Furthermore, these jobs are part of the American middle class, which Barack Obama, Joe Biden, and the Democrats say Republicans wish to destroy. It’s odd since “the jobs created by the Spruce permit would be high-paying, long-term employment opportunities. These jobs would pay approximately $70,000 annually with full benefits and the total economic impact of this operation is estimated at approximately $15 0 million annually.” Mr. Romney wants to strengthen this sector of the economy.
Although, there seems to be some government support for the coal industry. Back in March, a federal judge excoriated the EPA for their “magical thinking” in denying permits issued by the Army Corps of Engineers.
‘EPA resorts to magical thinking’ to justify nullifying permits issued by the U.S. Army Corps of Engineers for Arch Coal Inc.’s Mingo Logan mine in West Virginia, wrote U.S. District Judge Amy Berman Jackson in Washington, D.C.
Berman Jackson said the EPA’s effort to revoke permits already issued by the Army Corps lacked the backing of any statutory provision or regulation. ‘It posits a scenario involving the automatic self-destruction of a written permit issued by an entirely separate federal agency after years of study and consideration,’ the opinion says.
‘Poof! Not only is this nonrevocation revocation logistically complicated,’ the ruling said, but it also robs industry of the only way they can possibly measure compliance with the Clean Water Act — a permit. EPA ignored the effect that granting itself the right to revoke Army Corps permits could cause uncertainty and financial harm to industries dependent on capital credit for projects involving waterways. [The] ’EPA brushed these objections away by characterizing them as hyperbole,’ the judge wrote. ‘Even if the gloomy prophesies are somewhat overstated,” the concerns are real, she said. Berman called the EPA’s interpretation of the Clean Water Act — which she separately lambasts for being poorly written — ‘illogical and impractical.’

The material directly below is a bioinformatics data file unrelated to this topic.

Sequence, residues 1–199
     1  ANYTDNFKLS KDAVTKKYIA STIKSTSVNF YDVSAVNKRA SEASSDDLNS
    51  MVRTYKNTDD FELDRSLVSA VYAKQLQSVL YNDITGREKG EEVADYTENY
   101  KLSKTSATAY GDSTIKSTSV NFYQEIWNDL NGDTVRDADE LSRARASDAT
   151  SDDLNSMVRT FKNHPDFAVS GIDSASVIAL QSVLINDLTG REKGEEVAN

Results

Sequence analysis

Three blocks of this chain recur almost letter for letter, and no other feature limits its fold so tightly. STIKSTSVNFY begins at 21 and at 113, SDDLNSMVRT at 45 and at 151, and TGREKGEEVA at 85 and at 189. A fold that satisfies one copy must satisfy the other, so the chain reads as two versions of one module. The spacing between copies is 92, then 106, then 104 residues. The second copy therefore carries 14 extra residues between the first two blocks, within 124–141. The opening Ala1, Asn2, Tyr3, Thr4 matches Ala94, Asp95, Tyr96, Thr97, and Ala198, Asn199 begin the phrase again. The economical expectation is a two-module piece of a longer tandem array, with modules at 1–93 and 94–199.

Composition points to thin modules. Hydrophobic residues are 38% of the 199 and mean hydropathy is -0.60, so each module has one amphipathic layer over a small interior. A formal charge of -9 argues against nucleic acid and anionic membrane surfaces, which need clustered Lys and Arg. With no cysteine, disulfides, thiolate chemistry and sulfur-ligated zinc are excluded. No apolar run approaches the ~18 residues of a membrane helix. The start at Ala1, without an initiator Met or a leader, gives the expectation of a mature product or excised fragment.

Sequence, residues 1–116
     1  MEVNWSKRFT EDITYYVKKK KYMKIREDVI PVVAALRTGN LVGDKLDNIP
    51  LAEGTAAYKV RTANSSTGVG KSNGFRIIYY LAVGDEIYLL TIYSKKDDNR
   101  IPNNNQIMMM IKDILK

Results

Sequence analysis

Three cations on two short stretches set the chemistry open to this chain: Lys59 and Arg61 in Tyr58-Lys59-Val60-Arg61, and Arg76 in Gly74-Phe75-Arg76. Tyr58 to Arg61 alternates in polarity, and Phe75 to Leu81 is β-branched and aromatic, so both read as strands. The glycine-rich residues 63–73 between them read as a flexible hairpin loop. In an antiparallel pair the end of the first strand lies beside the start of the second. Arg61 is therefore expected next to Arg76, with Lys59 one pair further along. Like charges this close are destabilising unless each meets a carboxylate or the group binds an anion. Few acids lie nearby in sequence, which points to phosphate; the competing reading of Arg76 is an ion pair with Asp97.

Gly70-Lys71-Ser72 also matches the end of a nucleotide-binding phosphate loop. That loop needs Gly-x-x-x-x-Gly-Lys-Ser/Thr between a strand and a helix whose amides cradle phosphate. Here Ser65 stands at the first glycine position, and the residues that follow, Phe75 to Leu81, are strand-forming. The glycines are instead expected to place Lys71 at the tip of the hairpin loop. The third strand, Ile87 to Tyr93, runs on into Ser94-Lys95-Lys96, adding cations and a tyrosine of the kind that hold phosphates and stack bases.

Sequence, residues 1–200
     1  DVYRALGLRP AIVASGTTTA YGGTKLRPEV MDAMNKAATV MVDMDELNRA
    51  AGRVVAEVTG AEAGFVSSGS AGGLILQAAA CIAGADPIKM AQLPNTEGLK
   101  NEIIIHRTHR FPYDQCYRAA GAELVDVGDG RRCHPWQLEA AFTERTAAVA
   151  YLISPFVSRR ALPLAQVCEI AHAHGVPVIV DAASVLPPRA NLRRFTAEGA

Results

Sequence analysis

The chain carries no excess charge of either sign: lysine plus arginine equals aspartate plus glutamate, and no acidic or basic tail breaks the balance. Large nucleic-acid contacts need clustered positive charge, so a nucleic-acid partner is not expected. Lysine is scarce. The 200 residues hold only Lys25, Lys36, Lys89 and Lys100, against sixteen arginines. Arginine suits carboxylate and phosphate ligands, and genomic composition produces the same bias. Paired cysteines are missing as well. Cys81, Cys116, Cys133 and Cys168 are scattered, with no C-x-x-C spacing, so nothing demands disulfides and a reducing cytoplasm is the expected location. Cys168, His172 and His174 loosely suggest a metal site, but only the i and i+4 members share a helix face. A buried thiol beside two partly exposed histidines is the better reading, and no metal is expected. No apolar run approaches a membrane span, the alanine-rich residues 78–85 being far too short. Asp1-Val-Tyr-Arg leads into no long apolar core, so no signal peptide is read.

Last Wednesday, FreedomWorks had an unannounced press conference about the war on coal in the Harrisburg Capitol, which caught the attention of legislators in this coal producing and battleground state. All along the Appalachian Trail, the families of coal miners and the families of businesses dependent on coal mining are saying “enough!”
Grundy’s plight is one of many stories in this administrations unabashed hatred for coal and the communities they are set to destroy if they’re successful at winning re-election this upcoming November. Sadly, since federal regulators have stonewalled Grundy’s hopes at economic success, it’s most likely going to cost the town. As McCown quoted Ted Pile at the end of her column, “if this [Grundy airport] project were allowed to go forward when it was first proposed, it would have essentially meant zero cost to taxpayers for a fully prepared airport site…now, because the coal markets have gotten worse, the economics no longer work. It’s a missed opportunity.”